Marsh grass - Glyceria maxima


Glyceria maxima, better known as swampgrass is an ornamental aquatic herb widespread throughout much of the globe, which often takes on an infesting character.
It has erect or slightly arched stems, which depart from large rhizomatous or stoloniferous roots, which tend to form large, very thick and dense tufts; the stems of the bog grass grow up to 50-100 cm, are green, or bluish green, in the Variegata variety they are variegated with yellow-cream. The leaves of this variety are linear, a few millimeters wide, rough and rigid, green or variegated; at the apex of the stems there are thin panicles made of small flowers in the summer, followed by small elongated seeds. Sometimes the submerged stems of these specimens are rooted to the internodes.


The plants belonging to the Glyceria maxima variety are very vigorous and can be planted both in the sun and in the shade; the glyceria maxima do not fear the cold and can withstand temperatures close to -20 ° C, although often during the winter they go into vegetative rest and the aerial part completely dries up.
They don't even fear the summer heat. They settle down near the water gardens, on the banks of ponds, or even submerged; over the years they tend to form large colonies, it is therefore good to keep the tufts contained, to prevent them from invading the pond or the lake where they were placed, becoming a weed and difficult to contain variety.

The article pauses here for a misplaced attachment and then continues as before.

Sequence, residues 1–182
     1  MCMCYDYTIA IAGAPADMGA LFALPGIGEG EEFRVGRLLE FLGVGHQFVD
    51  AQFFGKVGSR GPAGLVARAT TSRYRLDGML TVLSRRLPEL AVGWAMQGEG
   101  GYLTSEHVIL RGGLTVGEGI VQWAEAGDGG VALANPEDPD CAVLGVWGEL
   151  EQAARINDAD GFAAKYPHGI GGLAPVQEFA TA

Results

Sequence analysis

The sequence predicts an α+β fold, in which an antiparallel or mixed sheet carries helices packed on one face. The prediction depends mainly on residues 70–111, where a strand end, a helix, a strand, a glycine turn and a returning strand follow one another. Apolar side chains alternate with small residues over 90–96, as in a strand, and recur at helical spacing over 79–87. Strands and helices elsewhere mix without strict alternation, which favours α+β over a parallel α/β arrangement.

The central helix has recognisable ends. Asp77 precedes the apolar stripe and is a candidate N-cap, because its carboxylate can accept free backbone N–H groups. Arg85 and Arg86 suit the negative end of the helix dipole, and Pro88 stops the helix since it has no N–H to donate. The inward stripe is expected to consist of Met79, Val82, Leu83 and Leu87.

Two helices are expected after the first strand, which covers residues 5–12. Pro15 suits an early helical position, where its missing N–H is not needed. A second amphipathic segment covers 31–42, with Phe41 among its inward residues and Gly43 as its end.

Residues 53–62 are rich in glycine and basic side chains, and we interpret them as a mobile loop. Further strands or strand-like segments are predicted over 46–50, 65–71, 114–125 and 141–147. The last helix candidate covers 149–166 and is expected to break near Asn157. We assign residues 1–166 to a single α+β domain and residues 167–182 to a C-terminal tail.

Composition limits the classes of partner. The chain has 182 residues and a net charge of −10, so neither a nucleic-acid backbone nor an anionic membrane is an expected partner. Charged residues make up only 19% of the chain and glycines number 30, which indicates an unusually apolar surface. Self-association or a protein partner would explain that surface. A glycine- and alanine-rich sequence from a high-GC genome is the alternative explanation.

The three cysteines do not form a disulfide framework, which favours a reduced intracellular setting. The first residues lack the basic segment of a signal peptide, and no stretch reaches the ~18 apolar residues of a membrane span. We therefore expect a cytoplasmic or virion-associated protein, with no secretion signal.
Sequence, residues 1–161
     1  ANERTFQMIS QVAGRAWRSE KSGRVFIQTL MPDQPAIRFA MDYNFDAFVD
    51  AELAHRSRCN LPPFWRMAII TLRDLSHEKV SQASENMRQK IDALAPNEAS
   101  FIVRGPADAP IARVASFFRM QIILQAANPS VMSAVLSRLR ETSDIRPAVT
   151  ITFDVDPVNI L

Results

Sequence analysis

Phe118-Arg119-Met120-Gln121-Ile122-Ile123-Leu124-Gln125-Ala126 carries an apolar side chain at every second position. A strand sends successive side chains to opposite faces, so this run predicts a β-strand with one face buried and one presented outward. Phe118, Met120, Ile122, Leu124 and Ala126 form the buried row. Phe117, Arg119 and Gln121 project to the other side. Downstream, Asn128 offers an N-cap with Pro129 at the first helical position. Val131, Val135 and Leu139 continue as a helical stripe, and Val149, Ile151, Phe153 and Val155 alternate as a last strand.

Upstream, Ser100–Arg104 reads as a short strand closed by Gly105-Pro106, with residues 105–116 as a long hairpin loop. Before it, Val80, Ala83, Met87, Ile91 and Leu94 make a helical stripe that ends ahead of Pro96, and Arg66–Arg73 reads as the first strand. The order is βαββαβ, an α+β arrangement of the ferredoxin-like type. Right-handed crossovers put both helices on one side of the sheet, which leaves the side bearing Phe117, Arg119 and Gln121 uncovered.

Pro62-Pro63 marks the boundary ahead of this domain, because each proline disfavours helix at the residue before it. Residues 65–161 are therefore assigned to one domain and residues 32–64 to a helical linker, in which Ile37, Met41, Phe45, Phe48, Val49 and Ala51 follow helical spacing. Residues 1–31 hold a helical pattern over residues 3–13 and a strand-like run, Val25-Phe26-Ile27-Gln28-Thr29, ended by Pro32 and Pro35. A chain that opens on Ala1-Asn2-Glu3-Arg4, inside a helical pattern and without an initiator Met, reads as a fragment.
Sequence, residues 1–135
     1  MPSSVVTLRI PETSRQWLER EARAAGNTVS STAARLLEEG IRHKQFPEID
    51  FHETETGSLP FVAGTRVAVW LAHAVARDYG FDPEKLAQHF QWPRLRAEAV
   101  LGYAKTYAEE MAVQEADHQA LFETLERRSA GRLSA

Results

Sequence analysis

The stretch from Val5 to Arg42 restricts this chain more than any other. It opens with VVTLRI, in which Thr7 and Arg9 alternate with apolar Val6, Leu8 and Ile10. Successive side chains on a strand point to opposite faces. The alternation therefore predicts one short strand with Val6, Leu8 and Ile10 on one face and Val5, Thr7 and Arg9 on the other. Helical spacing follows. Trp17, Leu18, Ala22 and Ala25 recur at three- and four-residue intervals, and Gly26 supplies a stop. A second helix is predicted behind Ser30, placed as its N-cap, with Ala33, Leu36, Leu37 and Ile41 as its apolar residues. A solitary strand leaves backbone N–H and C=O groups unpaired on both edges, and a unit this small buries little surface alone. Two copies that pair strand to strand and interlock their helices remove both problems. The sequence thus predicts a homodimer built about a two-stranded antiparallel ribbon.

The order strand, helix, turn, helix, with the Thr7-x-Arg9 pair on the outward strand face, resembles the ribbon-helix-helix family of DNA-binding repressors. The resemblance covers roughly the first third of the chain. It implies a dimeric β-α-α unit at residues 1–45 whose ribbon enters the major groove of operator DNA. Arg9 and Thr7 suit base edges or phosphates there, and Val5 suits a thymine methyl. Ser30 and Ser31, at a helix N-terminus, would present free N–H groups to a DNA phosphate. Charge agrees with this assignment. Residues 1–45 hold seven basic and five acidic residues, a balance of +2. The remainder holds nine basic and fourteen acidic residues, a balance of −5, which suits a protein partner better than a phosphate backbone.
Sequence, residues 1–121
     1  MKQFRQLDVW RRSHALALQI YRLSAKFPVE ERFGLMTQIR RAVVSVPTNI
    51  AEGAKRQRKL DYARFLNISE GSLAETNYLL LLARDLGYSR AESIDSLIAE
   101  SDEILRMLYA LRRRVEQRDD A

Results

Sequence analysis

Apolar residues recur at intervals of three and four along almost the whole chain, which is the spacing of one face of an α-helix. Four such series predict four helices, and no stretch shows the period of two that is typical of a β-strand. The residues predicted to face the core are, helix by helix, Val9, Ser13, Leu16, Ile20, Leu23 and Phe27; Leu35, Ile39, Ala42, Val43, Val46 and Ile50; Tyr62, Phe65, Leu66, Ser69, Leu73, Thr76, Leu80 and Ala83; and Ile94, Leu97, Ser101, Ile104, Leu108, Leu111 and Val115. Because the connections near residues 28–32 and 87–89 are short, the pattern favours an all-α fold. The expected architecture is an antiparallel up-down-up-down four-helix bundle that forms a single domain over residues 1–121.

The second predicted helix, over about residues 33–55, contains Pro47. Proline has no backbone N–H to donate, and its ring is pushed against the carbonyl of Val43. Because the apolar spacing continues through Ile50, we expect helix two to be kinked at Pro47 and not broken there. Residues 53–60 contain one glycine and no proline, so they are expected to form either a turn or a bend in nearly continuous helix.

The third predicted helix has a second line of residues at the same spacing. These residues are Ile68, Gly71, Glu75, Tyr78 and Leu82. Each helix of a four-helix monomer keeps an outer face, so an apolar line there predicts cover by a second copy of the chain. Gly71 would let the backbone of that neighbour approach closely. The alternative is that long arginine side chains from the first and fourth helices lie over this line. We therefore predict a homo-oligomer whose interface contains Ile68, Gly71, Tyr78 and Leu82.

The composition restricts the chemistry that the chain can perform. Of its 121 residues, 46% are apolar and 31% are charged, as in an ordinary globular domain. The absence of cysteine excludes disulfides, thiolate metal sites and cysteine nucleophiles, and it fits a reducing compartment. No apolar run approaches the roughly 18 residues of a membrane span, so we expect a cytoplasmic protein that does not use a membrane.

marsh grass specimens grow without problems in any soil, even submerged constantly by stagnant water; in general, when marsh grass plants are placed in very rich and soft soils, they tend to become weeds very quickly. These aquatic plants can also develop in emerged soils, as long as they are close to water courses so as to have a high degree of humidity that allows the development of this kind of shrub.
It is a good idea to check that the area in which these plants are grown has a soil capable of maintaining good humidity, otherwise the development of these shrubs will be rather limited.


As for watering, as it is easy to imagine, being an aquatic variety, this kind of plant needs a constant supply of water, as long as it is not already inside a pond or submerged soil. If it is grown in a container it is necessary to check that the humidity remains always high, with the foresight to replace the stagnant water present in the container with a regular frequency, every 15/20 days.


The multiplication of marsh grass to obtain new specimens usually occurs by division; It is possible to take portions of the tufts, or the basal shoots that normally develop at the foot of the plant. Given the high diffusion and the ease of propagation of this kind of plant, it is very easy to obtain new seedlings.

Marsh grass - Glyceria maxima: Pests and diseases

The specimens belonging to this tree species are particularly hardy and resistant and, in general, are not affected by pests and diseases.